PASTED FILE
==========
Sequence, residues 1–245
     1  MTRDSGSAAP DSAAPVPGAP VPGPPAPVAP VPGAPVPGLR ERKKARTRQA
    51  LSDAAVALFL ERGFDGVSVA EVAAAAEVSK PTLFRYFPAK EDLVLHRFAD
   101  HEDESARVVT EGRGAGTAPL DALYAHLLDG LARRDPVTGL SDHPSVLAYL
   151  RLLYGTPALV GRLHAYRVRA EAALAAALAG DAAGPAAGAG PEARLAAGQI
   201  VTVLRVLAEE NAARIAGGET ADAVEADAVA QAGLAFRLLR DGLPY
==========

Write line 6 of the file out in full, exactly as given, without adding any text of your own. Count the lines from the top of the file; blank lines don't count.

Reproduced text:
   201  VTVLRVLAEE NAARIAGGET ADAVEADAVA QAGLAFRLLR DGLPY